Muscular dystrophy prognosis
The prognosis for muscular dystrophy varies depending on the type and the progression of the disorder. In some cases, the disease progresses slowly and people may have more or less normal lifespan. However, certain conditions result in substantial muscle weakness and rapidly lead to functional disability. Some children, born with muscular dystrophy, are very likely to die in infancy, while the others may acquire only a certain level of disability. Generally, the condition is more severe and the prognoses are worse if it occurs in early childhood.
Muscular dystrophy life expectancy
Becker's muscular dystrophy is a less severe form of the disease and patients affected with this type of dystrophy usually live into old age.
Congenital muscular dystrophy has an onset at birth, and it is usually associated with decreased lifespan. In some cases, this condition is associated with severe brain malformations, such as lissencephaly and hydrocephalus. Children with lissencephaly are severely impaired and usually die within several months of birth. Hydrocephalus is a medical condition characterized by abnormal accumulation of cerebrospinal fluid in the brain. It can also cause early death.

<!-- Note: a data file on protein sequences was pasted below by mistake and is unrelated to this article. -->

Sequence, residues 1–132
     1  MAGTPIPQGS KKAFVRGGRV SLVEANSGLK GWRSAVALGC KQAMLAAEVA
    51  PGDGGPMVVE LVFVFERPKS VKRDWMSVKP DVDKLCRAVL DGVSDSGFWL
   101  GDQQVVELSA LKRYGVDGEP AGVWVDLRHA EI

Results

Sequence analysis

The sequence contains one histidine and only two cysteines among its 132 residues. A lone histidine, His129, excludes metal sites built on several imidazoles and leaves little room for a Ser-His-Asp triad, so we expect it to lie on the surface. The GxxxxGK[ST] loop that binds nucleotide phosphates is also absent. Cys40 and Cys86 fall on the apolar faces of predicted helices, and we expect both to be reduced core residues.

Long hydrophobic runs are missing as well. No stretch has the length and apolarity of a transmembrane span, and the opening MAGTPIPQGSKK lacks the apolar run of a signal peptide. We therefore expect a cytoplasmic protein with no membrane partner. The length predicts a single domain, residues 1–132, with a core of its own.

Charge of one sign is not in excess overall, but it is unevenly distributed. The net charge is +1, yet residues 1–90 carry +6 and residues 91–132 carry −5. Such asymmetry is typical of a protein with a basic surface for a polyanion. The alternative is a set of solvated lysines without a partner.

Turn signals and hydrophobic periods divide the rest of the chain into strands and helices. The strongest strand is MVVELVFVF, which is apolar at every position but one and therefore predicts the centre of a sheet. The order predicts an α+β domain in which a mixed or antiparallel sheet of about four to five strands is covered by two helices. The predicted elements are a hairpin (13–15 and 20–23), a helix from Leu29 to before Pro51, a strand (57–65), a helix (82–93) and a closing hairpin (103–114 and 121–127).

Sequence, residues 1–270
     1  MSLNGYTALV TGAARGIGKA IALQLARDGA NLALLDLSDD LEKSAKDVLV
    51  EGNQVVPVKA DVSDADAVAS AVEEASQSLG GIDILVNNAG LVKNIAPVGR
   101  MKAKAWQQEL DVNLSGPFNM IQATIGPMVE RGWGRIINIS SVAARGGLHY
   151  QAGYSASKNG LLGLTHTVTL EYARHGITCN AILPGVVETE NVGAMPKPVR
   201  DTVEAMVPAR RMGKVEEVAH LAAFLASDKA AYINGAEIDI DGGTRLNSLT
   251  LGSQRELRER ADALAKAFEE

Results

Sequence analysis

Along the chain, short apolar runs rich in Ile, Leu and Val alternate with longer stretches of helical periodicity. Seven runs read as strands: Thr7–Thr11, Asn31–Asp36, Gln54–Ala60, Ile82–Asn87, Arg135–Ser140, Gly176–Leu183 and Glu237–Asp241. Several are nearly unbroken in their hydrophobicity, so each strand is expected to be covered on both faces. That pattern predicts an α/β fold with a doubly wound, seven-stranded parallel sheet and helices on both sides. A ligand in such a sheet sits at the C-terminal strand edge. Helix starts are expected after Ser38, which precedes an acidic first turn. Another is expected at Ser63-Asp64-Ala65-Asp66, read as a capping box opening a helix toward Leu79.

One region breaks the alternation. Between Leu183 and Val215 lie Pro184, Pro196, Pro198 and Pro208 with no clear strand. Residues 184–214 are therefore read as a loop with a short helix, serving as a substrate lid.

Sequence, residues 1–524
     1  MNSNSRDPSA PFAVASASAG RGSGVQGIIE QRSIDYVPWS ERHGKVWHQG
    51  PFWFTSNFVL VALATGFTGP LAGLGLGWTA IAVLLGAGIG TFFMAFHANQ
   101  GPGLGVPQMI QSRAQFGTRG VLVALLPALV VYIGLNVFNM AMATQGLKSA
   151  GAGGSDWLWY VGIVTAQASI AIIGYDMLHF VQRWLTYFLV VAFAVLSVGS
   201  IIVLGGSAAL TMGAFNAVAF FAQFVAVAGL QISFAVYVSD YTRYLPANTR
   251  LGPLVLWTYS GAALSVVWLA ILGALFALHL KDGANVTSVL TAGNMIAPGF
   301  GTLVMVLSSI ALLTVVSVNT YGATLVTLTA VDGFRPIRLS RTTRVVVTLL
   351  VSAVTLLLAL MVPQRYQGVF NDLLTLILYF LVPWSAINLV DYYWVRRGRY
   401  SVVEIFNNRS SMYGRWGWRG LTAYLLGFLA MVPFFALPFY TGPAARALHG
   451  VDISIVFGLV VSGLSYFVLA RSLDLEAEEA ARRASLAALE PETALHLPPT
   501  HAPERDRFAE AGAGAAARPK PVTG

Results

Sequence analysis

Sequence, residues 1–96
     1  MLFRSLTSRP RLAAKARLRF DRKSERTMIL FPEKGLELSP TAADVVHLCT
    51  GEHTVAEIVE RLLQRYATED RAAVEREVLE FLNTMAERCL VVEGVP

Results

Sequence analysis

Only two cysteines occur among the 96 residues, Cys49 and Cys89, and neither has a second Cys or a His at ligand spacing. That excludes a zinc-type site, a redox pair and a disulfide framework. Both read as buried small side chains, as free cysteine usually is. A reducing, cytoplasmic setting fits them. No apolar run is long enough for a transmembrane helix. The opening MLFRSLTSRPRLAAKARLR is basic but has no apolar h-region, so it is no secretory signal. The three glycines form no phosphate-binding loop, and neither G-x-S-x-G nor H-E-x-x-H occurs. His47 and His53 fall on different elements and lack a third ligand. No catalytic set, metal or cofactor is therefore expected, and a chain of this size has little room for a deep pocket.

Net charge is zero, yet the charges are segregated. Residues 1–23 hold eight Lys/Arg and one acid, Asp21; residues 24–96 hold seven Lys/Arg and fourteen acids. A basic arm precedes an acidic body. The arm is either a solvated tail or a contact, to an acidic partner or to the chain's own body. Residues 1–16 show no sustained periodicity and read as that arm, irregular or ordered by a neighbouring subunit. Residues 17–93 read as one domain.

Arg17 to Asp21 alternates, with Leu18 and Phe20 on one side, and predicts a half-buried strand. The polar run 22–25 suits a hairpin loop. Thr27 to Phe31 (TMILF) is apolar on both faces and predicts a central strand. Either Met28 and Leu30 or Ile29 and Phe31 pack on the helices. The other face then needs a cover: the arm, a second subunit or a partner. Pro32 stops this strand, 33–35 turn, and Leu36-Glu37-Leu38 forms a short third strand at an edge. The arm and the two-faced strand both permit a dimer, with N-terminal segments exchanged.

Duchenne muscular dystrophy is the most common childhood form of muscular dystrophy. This condition is associated with short lifespan. In most of the cases, children will need a wheelchair as teenagers, and they usually die in their early 20s. However, some people may live up to 40 years.
Distal muscular dystrophy is slow progressing and doesn’t affect the patient’s lifespan.
Emery-Dreifuss muscular dystrophy is present in the childhood or in early teenage years. In some patients, it may result in cardiac conduction defects and arrhythmias, which may increase the risk of stroke and sudden death.
Facioscapulohumeral muscular dystrophy generally manifests by the age of 20 years. Life expectancy is normal but most of the patients will require a wheelchair.
Limb-girdle muscular dystrophy is associated with losing the ability to walk between ages 10 and 12. Patients usually die in their 20s or early 30s.